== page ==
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Summaries of the Work of the International Law Commission

Jurisdictional immunities of States and their property

See also: Analytical Guide | Texts and Instruments

At its first session, in 1949, the Commission selected the subject of jurisdictional immunities of States and their property as one of the topics for codification without, however, including it in the list of topics to which it gave priority. At its twenty-ninth session, in 1977, the Commission considered possible additional topics for study. The topic “Jurisdictional immunities of States and their property” was recommended for selection in the near future for active consideration by the Commission, bearing in mind its day-to-day practical importance as well as its suitability for codification and progressive development.

The General Assembly, in resolution 32/151 of 19 December 1977, invited the Commission, at an appropriate time and in the light of progress made on other topics on its agenda, to commence work on the topic of jurisdictional immunities of States and their property.

At its thirtieth session, in 1978, the Commission set up a Working Group to consider the question of the future work of the Commission on the topic and to report thereon to the Commission. The Working Group submitted to the Commission a report1 that dealt, inter alia, with general aspects of the topic and contained a number of recommendations. The Commission took note of the report of the Working Group and, on the basis of the recommendations contained therein, decided to begin its consideration of the topic “Jurisdictional immunities of States and their property”. It also appointed Sompong Sucharitkul as Special Rapporteur for the topic and invited him to prepare a preliminary report at an early juncture for consideration by the Commission. The Commission, further, requested the Secretary-General to invite Governments of Member States to submit relevant materials on the topic, including national legislation, decisions of national tribunals and diplomatic and official correspondence and requested the Secretariat to prepare working papers and materials on the topic as the need arose and as requested by the Commission or the Special Rapporteur.2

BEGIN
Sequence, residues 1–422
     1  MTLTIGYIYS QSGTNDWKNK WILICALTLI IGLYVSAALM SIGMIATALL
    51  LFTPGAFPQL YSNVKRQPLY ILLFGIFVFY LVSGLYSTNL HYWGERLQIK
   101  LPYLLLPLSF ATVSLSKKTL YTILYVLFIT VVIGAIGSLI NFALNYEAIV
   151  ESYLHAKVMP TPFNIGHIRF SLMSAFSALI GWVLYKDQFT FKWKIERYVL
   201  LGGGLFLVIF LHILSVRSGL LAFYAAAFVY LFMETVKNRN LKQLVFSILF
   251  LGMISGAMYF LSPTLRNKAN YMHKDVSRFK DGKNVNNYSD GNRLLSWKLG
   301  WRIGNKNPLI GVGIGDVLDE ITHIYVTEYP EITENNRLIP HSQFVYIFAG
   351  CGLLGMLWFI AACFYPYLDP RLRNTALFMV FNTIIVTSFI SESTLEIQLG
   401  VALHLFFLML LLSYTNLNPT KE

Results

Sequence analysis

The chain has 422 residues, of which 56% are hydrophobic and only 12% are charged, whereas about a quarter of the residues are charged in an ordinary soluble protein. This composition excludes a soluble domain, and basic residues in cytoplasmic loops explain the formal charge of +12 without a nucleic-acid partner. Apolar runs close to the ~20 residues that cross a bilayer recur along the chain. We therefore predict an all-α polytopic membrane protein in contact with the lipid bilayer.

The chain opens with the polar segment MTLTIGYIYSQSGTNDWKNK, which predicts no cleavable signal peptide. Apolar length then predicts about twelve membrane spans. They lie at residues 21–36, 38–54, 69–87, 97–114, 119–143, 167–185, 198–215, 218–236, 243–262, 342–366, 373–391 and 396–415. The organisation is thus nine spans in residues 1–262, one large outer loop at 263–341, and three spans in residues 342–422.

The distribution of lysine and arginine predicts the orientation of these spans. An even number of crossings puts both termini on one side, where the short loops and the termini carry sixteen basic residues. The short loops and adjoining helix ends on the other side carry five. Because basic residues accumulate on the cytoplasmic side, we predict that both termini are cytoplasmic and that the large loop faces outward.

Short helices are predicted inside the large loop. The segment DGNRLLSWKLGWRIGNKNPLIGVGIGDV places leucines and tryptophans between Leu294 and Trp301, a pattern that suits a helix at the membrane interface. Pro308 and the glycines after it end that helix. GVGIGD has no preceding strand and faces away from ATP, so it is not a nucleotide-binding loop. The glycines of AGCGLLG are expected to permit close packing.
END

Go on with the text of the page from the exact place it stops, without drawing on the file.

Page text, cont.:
The Commission considered the topic from its thirty-first to thirty-eighth and from its forty-first to forty-third sessions, from 1979 to 1986 and from 1989 to 1991. The Commission appointed Motoo Ogiso as the new Special Rapporteur for the topic at its thirty-ninth session, in 1987. In connection with its consideration of the topic, the Commission had before it the reports of the Special Rapporteurs3and information provided by Governments.4

At its thirty-first session, in 1979, the Commission had before it a preliminary report on the topic submitted by the Special Rapporteur, Mr. Sucharitkul.5 The report was designed to present an overall picture of the topic without proposing any solution for each or any of the substantive issues identified. During the discussion in the Commission at that session, a consensus emerged to the effect that for the immediate future the Special Rapporteur should continue his study, concentrating on general principles and thus confining the areas of initial interest to the substantive contents and constitutive elements of the general rules of jurisdictional immunities of States. It was also understood that the question of the extent of, or limitations on, the application of the rules of State immunity required an extremely careful and balanced approach, and that the exceptions identified in the preliminary report were merely noted as possible limitations, without any assessment or evaluation of their significance in State practice. It was furthermore agreed, in terms of priorities to be accorded in the treatment of the topic, that the Special Rapporteur should continue his work on the immunities of States from jurisdiction, leaving aside for the time being the question of immunity from execution of judgement. Another point which was noted was the widening functions of the State, which had enhanced the complexities of the problem of State immunities. Controversies had existed in the past concerning the divisibility of the functions of the State or the various distinctions between the activities carried on by modern States in fields of activity formerly undertaken by individuals, such as trade and finance. No generally accepted criterion for identifying the circumstances or areas in which State immunity could be invoked or accorded had been found. The greatest care was therefore called for in the treatment of this particular aspect of the topic.